The similarities between family historians and detectives run deep. Just as detectives rely on sound information to break a case, genealogists must be able to find and interpret clues to make meaning of the past. Obituaries often provide the leads that help unlock secrets and open up new lines of discovery.
We all know obituaries typically contain birth, marriage, and death dates as well as parent, spouse, and child names. Beyond this basic information, details within death notices can present new avenues of genealogical exploration that can lead to a richer family history. Obituaries often provide “aha” moments that allow you to piece together ancestors’ lives and solve long-standing family mysteries.
To help you sleuth out details of your family history, we sought obituary search tactics from prominent genealogists. Read on to discover advice that can spur big breakthroughs in family history cases that have gone cold. Then begin an obituary search within FamilySearch collections such as Find A Grave and BillionGraves.
Pro Obituary Search Tactic #1: Use Obituaries as Stepping Stones to Richer Family Histories
You never know what you’ll discover while searching your family history. Just when the trail of clues seems to have dried up, new information can break open a genealogical case and cause a rush of excitement.
Joshua Taylor, a genealogist on the popular PBS program Genealogy Roadshow, had such an experience. “One of the first ancestors I ever traced, John Washington Allison, was someone whom I had ‘closed the book on’ (so to speak) when it came to research,” says Joshua.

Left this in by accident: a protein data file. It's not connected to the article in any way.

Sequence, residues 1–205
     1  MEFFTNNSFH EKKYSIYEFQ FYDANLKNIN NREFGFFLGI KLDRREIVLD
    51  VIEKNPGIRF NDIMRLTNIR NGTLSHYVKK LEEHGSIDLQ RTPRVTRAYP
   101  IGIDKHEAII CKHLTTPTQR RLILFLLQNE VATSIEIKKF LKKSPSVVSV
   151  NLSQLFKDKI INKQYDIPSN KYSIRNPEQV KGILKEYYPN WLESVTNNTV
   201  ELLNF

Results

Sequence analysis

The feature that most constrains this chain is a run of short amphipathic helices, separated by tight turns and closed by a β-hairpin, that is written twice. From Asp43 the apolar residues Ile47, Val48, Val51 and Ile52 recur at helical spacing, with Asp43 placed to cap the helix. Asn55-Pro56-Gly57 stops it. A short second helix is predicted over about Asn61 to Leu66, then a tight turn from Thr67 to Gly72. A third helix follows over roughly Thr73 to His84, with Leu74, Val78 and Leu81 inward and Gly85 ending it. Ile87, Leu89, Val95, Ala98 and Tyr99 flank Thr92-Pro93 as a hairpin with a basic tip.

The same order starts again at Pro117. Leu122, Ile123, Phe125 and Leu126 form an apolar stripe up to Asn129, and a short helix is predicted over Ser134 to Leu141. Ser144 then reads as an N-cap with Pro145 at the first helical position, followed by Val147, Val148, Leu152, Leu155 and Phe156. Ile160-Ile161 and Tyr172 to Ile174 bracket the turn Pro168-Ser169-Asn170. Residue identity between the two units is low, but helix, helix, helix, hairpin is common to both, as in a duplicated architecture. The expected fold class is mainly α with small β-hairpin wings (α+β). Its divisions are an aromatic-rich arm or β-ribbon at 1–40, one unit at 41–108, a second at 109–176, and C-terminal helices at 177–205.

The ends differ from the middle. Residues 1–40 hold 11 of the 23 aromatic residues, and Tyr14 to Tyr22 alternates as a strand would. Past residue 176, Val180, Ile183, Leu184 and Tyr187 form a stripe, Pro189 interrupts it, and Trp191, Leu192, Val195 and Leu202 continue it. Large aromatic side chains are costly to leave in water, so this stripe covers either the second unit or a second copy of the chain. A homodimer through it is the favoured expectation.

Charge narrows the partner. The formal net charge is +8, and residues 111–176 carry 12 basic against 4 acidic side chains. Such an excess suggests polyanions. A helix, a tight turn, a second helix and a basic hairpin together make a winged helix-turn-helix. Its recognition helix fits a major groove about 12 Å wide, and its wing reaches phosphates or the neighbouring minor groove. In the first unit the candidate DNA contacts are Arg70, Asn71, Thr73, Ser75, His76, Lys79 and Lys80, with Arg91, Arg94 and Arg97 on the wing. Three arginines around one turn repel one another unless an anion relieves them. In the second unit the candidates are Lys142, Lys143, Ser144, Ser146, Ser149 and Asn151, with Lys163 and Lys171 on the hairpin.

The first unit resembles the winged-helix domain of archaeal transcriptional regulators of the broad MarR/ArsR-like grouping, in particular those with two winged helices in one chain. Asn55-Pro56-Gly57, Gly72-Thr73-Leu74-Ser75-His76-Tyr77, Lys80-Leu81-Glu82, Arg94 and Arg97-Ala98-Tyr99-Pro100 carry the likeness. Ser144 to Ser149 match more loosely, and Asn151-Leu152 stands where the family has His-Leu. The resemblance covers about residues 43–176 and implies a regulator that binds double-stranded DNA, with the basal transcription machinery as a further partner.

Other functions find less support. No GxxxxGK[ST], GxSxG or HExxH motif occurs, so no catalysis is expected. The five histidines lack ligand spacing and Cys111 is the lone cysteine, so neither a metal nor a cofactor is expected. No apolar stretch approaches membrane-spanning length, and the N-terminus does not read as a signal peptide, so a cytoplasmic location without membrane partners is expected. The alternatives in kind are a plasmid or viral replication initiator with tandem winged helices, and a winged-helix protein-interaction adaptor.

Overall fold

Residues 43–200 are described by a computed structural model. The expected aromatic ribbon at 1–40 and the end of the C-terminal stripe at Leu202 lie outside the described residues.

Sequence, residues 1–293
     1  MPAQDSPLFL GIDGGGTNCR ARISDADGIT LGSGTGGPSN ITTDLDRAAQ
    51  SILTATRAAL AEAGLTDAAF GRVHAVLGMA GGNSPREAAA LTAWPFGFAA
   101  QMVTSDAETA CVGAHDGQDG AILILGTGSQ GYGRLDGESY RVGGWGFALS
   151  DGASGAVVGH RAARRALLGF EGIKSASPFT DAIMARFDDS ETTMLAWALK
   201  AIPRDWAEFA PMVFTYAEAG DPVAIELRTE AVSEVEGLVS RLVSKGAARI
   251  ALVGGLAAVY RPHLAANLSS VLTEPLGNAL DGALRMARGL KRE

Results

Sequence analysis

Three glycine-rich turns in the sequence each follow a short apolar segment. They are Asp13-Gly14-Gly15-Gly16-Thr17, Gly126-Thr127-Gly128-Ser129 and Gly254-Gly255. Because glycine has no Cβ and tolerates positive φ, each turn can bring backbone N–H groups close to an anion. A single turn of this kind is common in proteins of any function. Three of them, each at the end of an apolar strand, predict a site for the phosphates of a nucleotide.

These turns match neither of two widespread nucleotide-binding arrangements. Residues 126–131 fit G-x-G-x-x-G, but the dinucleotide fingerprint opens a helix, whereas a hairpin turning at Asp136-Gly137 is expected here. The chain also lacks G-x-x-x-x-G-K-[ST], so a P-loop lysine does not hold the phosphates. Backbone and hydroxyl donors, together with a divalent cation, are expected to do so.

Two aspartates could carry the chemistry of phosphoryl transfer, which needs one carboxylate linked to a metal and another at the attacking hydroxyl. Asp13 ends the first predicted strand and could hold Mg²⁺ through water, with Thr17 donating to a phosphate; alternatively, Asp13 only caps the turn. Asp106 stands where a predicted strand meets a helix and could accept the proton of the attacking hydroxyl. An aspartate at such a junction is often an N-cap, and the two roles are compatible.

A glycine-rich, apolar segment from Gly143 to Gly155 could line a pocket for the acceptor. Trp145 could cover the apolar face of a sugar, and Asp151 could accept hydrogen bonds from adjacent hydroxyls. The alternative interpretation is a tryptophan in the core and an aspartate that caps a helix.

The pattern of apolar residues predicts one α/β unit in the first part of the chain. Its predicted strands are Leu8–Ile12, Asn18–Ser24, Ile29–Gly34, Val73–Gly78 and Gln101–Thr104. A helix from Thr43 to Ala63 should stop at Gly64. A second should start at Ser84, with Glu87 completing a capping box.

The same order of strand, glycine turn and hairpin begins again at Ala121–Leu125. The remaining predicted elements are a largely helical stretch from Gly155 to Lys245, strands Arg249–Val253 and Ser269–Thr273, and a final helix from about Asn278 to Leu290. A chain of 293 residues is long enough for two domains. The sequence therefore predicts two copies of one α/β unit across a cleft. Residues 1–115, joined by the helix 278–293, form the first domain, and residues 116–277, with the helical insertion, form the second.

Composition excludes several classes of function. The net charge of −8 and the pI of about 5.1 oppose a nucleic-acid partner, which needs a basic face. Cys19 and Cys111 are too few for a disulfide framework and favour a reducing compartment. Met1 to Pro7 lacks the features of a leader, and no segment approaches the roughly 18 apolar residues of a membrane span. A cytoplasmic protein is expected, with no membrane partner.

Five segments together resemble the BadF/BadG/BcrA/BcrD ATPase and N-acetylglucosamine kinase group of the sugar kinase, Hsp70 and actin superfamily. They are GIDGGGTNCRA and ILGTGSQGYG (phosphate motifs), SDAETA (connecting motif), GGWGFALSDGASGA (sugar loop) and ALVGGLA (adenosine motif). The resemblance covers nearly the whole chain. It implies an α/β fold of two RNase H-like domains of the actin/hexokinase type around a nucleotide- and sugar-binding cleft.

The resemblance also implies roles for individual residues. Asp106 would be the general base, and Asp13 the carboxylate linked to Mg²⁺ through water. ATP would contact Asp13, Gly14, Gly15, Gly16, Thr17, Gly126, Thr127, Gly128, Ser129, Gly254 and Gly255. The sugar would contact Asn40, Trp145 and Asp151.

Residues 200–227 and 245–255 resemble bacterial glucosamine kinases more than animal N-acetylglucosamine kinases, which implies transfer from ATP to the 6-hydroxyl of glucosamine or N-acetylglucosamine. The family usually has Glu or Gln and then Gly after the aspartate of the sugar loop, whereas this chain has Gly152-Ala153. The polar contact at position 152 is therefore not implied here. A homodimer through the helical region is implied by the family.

“Based on vital records, census, and other records,” Joshua continues, “I thought I had his life fairly documented between Ohio and Iowa. It wasn’t until I discovered his obituary that I learned he was a sheriff for a brief time during his life, and spent time in Colorado during the Civil War as part of a new business venture. I am literally still uncovering his few years in Colorado.”
“The obituary is a stepping stone to so many other clues,” Joshua says. “Look beyond the names and residences and into the associations and organizations the individual might be involved in. These organizations can lead to amazing offline resources that can provide all sorts of details you will not find on a standard census or vital record.”
For example, Joshua says, “If someone is a member of a veteran’s organization, like the Grand Army of the Republic (GAR), you have a clue about their involvement during the Civil War that can lead to some fantastic finds in local and state GAR records.”
In addition to providing information about a person’s service, GAR records include information such as residence at the time of enlistment that can help you find the soldier’s family in census, land, and church records. With these new places to take your search, you never know what you might find.
Begin an obituary search using FamilySearch’s BillionGraves Index. Use information you find in death notices to uncover clues about relatives and unravel family mysteries.